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I looked up the etymology of that phrase, if anyone's interested:
"There are a few suggested derivations for the phrase. One, put forward in a 1955 edition of American Speech, is the idea that when a jet crashes on a farm the farmer may sue the government for compensation. That would generate a large enough amount of money to pay off the farm's mortgage. Hence, the pilot paid for the farm with his life.
The second theory is that military men might dream of returning from the battlefront and settling down with a family to a peaceful life down on the farm. If someone were killed his colleagues might say, 'well, he bought the farm early', or similar. Well, yes they might, and there are numerous sentimental US films where dialogue like that wouldn't be out of place. That's not to say the phrase was coined that way though.
A third suggestion is the idea that, if a serviceman was killed in action, his family would receive a payout from the insurance that service personnel were issued with. This would be sufficient to pay off the family mortgage.
My twopenneth is on the last explanation but, given that we don't have the full evidence, that's just speculation. "
WHAT ABOUT THAT PHRASE?
In 16th century England bucket had an additional meaning (and in some parts it still has), i.e. a beam or yoke used to hang or carry items. The term may have been introduced into English from the French trébuchet - meaning a balance, or buque - meaning a yoke. That meaning of bucket was referred to in Peter Levins' Manipulus vocabulorum. A dictionarie of English and Latine wordes, 1570:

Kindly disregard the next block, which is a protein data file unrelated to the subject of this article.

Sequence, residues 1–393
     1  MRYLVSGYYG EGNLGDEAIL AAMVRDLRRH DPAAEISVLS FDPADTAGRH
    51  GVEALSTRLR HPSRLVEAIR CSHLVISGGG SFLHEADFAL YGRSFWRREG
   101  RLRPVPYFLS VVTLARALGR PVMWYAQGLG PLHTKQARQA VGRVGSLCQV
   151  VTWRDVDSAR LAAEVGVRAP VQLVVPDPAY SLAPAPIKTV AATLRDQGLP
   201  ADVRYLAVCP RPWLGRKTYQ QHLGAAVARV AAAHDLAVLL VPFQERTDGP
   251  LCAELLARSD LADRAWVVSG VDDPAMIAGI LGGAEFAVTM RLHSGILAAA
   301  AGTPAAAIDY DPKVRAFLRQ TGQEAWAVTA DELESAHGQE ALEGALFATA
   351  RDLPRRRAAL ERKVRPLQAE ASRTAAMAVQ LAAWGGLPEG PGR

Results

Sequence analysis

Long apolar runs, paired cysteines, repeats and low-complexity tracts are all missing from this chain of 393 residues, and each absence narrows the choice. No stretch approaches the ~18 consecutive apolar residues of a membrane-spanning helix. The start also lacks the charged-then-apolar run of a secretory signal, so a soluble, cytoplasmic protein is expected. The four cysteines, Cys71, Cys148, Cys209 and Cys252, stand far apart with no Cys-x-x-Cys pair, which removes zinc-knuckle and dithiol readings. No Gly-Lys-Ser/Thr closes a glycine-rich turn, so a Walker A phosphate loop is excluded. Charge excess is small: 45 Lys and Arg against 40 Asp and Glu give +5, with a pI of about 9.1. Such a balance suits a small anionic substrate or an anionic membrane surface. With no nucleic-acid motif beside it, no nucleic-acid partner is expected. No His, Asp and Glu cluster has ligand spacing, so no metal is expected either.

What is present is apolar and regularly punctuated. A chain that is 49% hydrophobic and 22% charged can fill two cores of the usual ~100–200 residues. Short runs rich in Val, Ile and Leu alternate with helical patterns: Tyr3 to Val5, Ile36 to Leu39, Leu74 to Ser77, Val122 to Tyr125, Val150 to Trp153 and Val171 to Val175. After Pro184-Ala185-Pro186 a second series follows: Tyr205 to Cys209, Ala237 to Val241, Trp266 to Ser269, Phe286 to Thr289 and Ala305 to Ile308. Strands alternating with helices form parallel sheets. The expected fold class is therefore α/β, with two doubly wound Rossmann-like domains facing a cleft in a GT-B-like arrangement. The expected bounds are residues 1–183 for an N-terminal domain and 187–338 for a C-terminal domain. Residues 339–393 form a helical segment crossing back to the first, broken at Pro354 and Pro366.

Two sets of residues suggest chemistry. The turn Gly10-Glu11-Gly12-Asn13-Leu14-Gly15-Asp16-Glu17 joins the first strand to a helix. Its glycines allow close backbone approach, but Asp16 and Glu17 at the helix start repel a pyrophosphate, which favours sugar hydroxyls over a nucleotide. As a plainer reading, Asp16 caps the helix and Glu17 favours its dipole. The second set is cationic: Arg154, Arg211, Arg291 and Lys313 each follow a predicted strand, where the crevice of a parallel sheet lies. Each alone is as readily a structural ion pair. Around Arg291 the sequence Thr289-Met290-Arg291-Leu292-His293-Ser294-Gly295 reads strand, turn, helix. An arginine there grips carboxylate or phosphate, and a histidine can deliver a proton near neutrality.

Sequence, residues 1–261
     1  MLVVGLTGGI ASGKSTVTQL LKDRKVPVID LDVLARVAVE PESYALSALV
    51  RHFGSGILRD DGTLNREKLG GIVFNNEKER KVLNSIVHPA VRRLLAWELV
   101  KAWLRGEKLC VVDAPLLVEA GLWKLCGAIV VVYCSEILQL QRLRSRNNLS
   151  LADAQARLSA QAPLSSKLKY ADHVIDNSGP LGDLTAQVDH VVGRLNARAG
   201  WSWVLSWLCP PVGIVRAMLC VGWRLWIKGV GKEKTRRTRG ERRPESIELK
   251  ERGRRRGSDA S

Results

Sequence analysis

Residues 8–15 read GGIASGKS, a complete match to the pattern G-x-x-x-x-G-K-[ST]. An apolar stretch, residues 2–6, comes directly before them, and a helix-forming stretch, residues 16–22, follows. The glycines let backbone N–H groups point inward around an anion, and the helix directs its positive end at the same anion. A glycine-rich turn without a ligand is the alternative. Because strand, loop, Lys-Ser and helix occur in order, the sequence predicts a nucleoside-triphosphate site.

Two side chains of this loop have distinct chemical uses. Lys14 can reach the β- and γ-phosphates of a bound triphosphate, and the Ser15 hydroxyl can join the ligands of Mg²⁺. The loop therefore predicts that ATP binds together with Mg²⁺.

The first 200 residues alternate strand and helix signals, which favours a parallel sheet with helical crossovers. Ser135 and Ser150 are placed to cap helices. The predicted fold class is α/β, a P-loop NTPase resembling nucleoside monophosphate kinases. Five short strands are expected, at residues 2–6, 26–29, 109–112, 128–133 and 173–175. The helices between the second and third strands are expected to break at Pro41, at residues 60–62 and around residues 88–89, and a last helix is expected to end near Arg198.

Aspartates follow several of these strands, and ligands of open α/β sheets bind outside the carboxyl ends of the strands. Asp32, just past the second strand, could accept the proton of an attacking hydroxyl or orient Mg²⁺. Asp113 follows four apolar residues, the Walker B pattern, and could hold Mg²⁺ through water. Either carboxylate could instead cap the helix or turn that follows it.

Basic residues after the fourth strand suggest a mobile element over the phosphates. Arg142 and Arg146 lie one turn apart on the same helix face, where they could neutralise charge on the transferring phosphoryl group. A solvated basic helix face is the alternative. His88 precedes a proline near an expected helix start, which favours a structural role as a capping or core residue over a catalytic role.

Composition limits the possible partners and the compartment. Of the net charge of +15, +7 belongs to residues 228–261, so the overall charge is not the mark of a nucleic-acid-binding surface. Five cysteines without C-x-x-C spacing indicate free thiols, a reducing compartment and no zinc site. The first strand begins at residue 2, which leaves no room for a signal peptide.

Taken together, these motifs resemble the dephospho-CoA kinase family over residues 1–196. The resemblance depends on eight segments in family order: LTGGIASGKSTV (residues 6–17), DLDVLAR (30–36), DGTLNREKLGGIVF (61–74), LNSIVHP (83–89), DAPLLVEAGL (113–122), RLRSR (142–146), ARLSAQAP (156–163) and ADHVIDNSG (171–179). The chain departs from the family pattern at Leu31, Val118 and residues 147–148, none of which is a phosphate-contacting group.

"A Bucket, beame, tollo."
and was used by Shakespeare in Henry IV Part II, 1597:
"Swifter then he that gibbets on the Brewers Bucket." [to gibbet meant to hang]
The wooden frame that was used to hang animals up by their feet for slaughter was called a bucket. Not unnaturally they were likely to struggle or to spasm after death and hence 'kick the bucket'.
As we all know, death for a soap actor isn't official until the channel showing their programme has confirmed it, so there's still hope
In grammar, a phrase is a group of words that functions as a single unit in the syntax of a sentence.
For example the house at the end of the street (example 1) is a phrase. It acts like a noun. It contains the phrase at the end of the street (example 2), a prepositional phrase which acts like an adjective. Example 2 could be replaced by white, to make the phrase the white house. Examples 1 and 2 contain the phrase the end of the street (example 3) which acts like a noun. It could be replaced by the cross-roads to give the house at the cross-roads.
Most phrases have a head or central word which defines the type of phrase. In English the head is often the first word of the phrase. Some phrases, however, can be headless. For example, the rich is a noun phrase composed of a determiner and an adjective, but no noun.
Phrases may be classified by the type of head they take
Prepositional phrase (PP) with a preposition as head (e.g. in love, over the rainbow). Languages that use postpositions instead have postpositional phrases. The two types are sometimes commonly referred to as adpositional phrases.
Noun phrase (NP) with a noun as head (e.g. the black cat, a cat on the mat)
Verb phrase (VP) with a verb as head (e.g. eat cheese, jump up and down)
Adjectival phrase with an adjective as head (e.g. full of toys)
Adverbial phrase with adverb as head (e.g. very carefully)